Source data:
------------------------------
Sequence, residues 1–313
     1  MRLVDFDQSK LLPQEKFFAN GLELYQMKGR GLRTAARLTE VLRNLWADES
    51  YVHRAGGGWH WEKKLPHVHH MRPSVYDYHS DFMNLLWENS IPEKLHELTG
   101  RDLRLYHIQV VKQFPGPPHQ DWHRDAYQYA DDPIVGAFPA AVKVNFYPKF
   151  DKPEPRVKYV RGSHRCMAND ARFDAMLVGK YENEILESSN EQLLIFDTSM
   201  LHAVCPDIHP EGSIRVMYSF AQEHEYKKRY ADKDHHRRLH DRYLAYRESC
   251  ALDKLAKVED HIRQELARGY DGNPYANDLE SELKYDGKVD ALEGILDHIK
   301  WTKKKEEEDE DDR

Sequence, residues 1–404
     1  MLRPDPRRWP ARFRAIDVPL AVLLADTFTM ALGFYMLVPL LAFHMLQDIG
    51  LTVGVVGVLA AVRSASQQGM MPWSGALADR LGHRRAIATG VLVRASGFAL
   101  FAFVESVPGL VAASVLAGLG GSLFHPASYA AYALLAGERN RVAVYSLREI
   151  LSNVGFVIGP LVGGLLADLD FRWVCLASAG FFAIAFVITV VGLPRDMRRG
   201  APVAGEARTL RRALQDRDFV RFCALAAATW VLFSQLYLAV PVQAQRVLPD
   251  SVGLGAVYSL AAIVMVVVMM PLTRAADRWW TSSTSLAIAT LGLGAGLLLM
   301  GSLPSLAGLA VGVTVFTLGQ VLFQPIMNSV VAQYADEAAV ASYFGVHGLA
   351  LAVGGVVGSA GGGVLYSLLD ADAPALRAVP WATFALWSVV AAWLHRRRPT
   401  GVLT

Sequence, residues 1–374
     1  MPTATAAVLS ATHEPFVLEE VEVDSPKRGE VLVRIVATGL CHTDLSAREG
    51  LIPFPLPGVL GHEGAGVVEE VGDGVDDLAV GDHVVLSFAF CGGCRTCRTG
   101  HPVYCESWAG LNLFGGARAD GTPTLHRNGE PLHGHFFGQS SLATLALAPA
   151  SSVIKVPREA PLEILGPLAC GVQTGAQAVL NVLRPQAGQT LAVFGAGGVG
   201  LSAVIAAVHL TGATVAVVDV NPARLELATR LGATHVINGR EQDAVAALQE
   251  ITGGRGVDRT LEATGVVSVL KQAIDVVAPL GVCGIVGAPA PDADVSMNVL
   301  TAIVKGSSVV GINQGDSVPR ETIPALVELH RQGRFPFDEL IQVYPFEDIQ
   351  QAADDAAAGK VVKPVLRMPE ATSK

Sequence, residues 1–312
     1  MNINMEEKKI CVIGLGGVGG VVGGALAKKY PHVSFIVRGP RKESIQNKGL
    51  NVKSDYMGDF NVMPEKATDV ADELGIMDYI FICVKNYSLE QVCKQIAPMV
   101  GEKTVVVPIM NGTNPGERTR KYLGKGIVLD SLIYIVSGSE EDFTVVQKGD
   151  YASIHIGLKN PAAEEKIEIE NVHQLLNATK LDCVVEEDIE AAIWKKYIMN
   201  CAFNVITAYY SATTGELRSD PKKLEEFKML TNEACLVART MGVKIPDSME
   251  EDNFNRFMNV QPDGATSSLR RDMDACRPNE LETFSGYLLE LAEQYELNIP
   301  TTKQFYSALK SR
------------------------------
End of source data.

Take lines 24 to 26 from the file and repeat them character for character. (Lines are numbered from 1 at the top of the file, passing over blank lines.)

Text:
   201  LSAVIAAVHL TGATVAVVDV NPARLELATR LGATHVINGR EQDAVAALQE
   251  ITGGRGVDRT LEATGVVSVL KQAIDVVAPL GVCGIVGAPA PDADVSMNVL
   301  TAIVKGSSVV GINQGDSVPR ETIPALVELH RQGRFPFDEL IQVYPFEDIQ